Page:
Thursday, August 21, 2008
conflict transformation - studying gandhi, periyar, ambedkar
21 august, hyderabad, 2008
conflict transformation initiatives has a wide spectrum of initiatives and actions. one area of activity involves working in group settings and facilitating a process of learning, unlearning and relearning concepts, tools, cases, and skills.
it would be safe to assume the term 'conflict transformation' is understood differently by different peoples and institutions, just as the concept 'democracy' is understood and practised differently in different settings. within the field of conflict transformation this challenge of having different 'common understandings' of a concept is welcomed and embraced instead of trying to 'manage' these differences first.
in settings where 'democracy' has been a driving force in liberation of people from colonial, imperial, oppressive, dictatorial, feudal, or despotic regimes - participation in struggle to fight for group rights is a historical given. the injustices people endured, how they got organized, actions that they engaged in, challenges they faced, and their eventual liberation from oppression and exploitation is often used as an example for thinking about "structural injustices" and how many non-violent and violent struggles were waged to assert peoples/nations right to swaraj or self-rule.
many important lessons emerged from India's struggle for independence from colonial rule and other anti-colonial struggles. chief among them is that some democratic nation-states behaved like despots abroad. for Mahatma Gandhi the main reason for this phenomenon is greed, arrogance and not practising love and compassion. another reason is the brokenness that happens to peoples, companies, governments who got "enlightened" and saw that they could deny others right to freedoms and rights that they value and will fight to defend. it was a moral degradation that could not be tolerated and Mahatma Gandhi worked a lot to let the river of morality and ethics cleanse politics and economics.
another struggle for independence from "religious bigotry" and "caste-based oppression and discrimination" was waged within the Indian subcontinent, while the movement for independence was on. E.V. Ramasamy and B. R. Ambedkar are two luminous figures among many others who were engaged in social, cultural and political transformation. the former fondly called Periyaar worked hard to change peoples mindsets and empowering them to break free from the chains of religion/caste based injustices that affected peoples social, cultural, economic, political rights and freedoms. Dr. Ambedkar a constitutional expert tried his best to ensure that the Indian constitution does not privilege those who wanted to sustain injustices and resulting privileges based on their understanding of religion, caste and social status. he also embraced Buddhism demonstrating his conviction that Hinduism that was practised and tolerated in his times and times before him - is incompatible with social equality and justice.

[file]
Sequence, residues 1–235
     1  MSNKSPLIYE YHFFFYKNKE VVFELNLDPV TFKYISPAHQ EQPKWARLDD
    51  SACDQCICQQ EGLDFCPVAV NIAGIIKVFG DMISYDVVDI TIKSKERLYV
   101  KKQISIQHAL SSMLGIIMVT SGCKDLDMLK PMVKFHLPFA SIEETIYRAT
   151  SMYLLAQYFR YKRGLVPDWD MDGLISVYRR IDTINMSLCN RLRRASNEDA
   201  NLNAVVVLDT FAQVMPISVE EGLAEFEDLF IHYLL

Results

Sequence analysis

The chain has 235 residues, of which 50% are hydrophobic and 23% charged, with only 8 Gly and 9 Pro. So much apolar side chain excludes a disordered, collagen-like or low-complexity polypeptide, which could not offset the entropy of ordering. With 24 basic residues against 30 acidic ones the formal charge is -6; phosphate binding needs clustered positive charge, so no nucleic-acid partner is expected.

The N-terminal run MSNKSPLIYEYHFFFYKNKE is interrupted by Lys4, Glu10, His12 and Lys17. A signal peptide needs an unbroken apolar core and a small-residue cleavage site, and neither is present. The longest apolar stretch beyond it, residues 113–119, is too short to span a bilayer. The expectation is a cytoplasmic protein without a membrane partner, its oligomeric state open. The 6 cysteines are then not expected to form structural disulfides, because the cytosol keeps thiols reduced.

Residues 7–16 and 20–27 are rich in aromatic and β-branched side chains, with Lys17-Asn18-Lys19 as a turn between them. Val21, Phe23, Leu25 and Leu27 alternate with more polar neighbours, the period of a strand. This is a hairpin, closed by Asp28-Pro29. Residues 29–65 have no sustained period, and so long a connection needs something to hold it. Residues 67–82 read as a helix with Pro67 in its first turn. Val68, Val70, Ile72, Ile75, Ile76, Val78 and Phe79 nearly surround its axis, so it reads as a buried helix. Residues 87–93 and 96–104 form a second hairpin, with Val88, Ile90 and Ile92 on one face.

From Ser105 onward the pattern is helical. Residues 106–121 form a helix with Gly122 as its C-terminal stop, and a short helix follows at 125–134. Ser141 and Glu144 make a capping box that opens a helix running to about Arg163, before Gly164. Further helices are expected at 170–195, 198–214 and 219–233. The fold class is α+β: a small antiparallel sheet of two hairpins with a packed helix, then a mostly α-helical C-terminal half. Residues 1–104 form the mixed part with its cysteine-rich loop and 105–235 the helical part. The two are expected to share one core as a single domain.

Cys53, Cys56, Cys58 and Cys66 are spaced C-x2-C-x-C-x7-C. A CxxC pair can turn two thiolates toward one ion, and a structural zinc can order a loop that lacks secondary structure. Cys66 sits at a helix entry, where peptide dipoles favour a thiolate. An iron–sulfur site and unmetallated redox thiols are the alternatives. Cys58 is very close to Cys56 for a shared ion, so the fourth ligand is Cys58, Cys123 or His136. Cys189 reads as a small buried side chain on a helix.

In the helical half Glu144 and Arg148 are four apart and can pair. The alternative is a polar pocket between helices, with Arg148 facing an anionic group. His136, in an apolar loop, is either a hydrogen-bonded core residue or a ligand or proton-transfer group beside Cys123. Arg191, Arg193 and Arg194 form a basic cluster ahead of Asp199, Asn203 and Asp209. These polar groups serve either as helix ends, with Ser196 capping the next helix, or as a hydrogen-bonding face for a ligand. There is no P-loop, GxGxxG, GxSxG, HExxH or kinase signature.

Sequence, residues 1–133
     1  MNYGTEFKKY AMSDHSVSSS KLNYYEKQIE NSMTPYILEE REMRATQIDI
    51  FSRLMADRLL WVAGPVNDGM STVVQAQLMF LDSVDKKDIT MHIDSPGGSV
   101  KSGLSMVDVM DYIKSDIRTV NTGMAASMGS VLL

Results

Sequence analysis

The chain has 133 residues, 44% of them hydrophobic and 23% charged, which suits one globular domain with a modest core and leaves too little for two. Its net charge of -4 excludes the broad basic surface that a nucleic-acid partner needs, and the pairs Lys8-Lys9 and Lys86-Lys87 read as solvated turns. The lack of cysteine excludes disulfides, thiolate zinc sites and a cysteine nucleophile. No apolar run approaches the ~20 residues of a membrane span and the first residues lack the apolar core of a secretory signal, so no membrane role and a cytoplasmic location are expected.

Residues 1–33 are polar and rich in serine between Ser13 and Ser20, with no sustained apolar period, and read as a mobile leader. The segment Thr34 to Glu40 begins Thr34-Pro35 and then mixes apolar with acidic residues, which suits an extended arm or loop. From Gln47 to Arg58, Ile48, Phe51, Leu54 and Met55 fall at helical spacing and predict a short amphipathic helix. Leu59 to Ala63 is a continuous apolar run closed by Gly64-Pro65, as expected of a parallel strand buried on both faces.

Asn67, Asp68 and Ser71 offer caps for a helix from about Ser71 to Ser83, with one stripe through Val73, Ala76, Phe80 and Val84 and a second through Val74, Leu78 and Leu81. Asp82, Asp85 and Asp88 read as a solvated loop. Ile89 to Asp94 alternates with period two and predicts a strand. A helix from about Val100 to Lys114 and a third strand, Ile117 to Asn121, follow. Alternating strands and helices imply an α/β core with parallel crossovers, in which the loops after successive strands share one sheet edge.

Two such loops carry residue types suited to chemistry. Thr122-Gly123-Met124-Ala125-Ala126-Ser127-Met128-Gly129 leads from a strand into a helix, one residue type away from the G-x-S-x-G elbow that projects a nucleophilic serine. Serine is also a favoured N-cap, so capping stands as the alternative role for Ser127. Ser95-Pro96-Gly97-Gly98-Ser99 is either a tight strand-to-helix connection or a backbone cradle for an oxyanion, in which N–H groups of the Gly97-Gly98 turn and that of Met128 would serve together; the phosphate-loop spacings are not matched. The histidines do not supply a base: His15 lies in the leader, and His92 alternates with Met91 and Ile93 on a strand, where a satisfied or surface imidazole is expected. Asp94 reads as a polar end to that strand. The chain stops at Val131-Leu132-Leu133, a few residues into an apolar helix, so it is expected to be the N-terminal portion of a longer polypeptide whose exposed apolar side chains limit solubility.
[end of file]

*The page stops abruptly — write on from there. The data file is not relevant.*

while many unjust practices have been suspended due to protest and reform, caste based injustices continue to this day in India, despite its illegality. privilege, once obtained is hard to give up and efforts will be made to justify, obfuscate and mislead, by people who feel entitled to privileges they have inherited, and by the hubris that sets in which makes it difficult to see different perspectives and realities.
the field of conflict transformation can gain strength by paying as much attention to the life and works of Periyar E. V. Ramasamy and Dr. Amdedkar as is paid to Mahatma Gandhi - for they are responsible in bringing about transformation at psychological, political, social, cultural and economic spheres not just at personal or community levels but at structural levels too. why this recommendation from a peace practitioner u may wonder. so let me share why.
structural level changes or systemic level changes are easy to imagine but difficult to comprehend in the absence of case studies. there is no blue-print for conflict transformation and i think there should not be one. people living in different settings, under different conditions need to determine what changes are required to experience greater justice, equality, freedom, respect of rights, dignity and peace. and people interested in conflict transformation work in the Indian subcontinent cannot afford to ignore the works of above mentioned socio-political leaders. studying their life and work will help the process of learning, unlearning and relearning concepts, ideas, approaches, strategies, and actions for positive changes.